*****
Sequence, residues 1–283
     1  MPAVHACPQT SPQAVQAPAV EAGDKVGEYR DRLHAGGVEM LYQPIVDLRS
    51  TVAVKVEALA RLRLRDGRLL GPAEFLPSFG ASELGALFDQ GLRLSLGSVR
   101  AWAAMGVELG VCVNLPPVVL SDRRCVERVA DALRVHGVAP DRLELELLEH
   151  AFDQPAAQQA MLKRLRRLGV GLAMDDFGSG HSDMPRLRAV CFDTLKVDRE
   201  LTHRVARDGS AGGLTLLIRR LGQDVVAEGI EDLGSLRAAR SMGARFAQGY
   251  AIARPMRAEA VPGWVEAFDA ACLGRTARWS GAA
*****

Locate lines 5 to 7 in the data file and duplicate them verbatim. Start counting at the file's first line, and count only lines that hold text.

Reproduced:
   151  AFDQPAAQQA MLKRLRRLGV GLAMDDFGSG HSDMPRLRAV CFDTLKVDRE
   201  LTHRVARDGS AGGLTLLIRR LGQDVVAEGI EDLGSLRAAR SMGARFAQGY
   251  AIARPMRAEA VPGWVEAFDA ACLGRTARWS GAA